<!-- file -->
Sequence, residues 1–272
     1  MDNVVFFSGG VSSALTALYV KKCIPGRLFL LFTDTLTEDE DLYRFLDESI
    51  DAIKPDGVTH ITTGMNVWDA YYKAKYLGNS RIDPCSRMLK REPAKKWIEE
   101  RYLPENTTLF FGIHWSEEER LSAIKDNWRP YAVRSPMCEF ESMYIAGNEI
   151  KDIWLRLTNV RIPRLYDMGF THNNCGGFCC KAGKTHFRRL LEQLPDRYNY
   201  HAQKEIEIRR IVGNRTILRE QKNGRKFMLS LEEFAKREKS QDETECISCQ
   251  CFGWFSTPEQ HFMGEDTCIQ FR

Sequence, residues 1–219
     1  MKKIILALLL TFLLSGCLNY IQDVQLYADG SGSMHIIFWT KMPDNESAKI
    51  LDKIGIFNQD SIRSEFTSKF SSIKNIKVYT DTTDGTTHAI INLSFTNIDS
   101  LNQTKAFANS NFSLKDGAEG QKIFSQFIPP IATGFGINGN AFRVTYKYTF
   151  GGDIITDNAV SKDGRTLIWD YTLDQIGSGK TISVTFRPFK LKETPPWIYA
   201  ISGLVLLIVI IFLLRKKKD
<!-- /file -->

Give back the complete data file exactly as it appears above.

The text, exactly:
Sequence, residues 1–272
     1  MDNVVFFSGG VSSALTALYV KKCIPGRLFL LFTDTLTEDE DLYRFLDESI
    51  DAIKPDGVTH ITTGMNVWDA YYKAKYLGNS RIDPCSRMLK REPAKKWIEE
   101  RYLPENTTLF FGIHWSEEER LSAIKDNWRP YAVRSPMCEF ESMYIAGNEI
   151  KDIWLRLTNV RIPRLYDMGF THNNCGGFCC KAGKTHFRRL LEQLPDRYNY
   201  HAQKEIEIRR IVGNRTILRE QKNGRKFMLS LEEFAKREKS QDETECISCQ
   251  CFGWFSTPEQ HFMGEDTCIQ FR

Sequence, residues 1–219
     1  MKKIILALLL TFLLSGCLNY IQDVQLYADG SGSMHIIFWT KMPDNESAKI
    51  LDKIGIFNQD SIRSEFTSKF SSIKNIKVYT DTTDGTTHAI INLSFTNIDS
   101  LNQTKAFANS NFSLKDGAEG QKIFSQFIPP IATGFGINGN AFRVTYKYTF
   151  GGDIITDNAV SKDGRTLIWD YTLDQIGSGK TISVTFRPFK LKETPPWIYA
   201  ISGLVLLIVI IFLLRKKKD